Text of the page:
Men: We want you in our schools. Be one of our Watch D.O.G.S.
"As school safety issues continue to make news, WatchDOGS is a program that stands out as a cost-affordable program to improve safety while also engaging parents in schools. A report from the National Association of School Psychologists noted that traditional security measures, like increased presence of security guards and metal detectors, can actually increase fear and anxiety among some students. WatchDOGS is a different option that fosters relationships among parents, students, teachers and staff while providing extra eyes and ears in schools."
-Metro Schools parent Scott Eddins writing in The Tennessean - Read the full article online.
Metropolitan Nashville Public Schools is engaging positive male role models in about 40 schools, part of a nationally recognized initiative called WatchD.O.G.S. (Dad of Great Students).
The volunteer program kicks off in a major way Thursday, Jan. 16, at 7 p.m. at Bridgestone Arena.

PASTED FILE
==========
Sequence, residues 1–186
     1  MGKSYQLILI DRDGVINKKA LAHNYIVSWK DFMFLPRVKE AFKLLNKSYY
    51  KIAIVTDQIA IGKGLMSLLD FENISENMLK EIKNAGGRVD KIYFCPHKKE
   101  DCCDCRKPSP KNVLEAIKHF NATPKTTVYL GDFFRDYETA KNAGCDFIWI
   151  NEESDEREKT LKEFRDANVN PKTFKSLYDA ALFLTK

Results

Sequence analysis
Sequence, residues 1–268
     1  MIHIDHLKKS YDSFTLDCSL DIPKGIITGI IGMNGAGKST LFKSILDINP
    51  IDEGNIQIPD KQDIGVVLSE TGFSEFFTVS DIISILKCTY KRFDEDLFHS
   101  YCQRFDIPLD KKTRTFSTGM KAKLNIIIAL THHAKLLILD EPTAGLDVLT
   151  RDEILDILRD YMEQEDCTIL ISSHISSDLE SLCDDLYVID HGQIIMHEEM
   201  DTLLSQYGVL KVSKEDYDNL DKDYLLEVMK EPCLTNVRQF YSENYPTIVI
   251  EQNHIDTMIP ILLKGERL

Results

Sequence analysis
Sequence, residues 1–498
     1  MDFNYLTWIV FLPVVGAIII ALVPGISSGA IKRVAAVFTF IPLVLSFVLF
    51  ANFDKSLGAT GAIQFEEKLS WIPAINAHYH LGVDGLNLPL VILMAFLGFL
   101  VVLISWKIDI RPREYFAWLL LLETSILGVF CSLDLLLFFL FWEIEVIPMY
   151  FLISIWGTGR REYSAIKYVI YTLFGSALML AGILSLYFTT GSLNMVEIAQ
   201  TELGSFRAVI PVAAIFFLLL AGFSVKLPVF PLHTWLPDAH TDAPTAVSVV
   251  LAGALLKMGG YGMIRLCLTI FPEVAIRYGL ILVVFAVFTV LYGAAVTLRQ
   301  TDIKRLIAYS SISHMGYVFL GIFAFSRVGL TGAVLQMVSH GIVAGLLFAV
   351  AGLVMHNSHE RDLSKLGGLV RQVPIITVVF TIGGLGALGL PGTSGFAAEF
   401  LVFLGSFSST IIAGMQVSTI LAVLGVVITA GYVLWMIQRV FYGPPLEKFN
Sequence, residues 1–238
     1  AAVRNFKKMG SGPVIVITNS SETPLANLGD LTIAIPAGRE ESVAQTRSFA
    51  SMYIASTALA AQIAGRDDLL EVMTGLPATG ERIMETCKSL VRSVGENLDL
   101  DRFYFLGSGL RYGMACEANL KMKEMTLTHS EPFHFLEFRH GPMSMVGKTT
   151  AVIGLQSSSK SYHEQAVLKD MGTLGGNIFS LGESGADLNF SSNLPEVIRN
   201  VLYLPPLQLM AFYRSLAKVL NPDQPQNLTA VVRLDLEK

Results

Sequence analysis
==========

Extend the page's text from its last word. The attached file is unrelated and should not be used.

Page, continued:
During the event, door prizes will be given to attendees, including Nashville Predators tickets and merchandise.
The program invites fathers, grandfathers, uncles or other father figures to come out to the kick-off event to learn about starting WatchD.O.G.S. in their schools. WatchD.O.G.S. provides male role models for students who can demonstrate that education is important, help at the school and provide extra sets of eyes and ears to enhance school climate.
“It is very exciting to launch the program and terrific to have parents involved,” Director of Schools Dr. Jesse Register said. “We are expecting a high-energy fun crowd. It is very significant that the national director of the program will be here for our launch. We cannot thank Eric Snow and the Predators enough for donating their time, tickets and merchandise.”
Eric Snow, national director of WatchD.O.G.S., will speak at the event, explaining to parents and educators how to implement the program at their schools.
Watch D.O.G.S. is an innovative father involvement, educational initiative of the National Center For Fathering. It began in 1998 in a single school in Springdale, Ark., and has since grown into a nationally recognized program that has brought hundreds of thousands of fathers and father figures into our nation’s classrooms and hallways.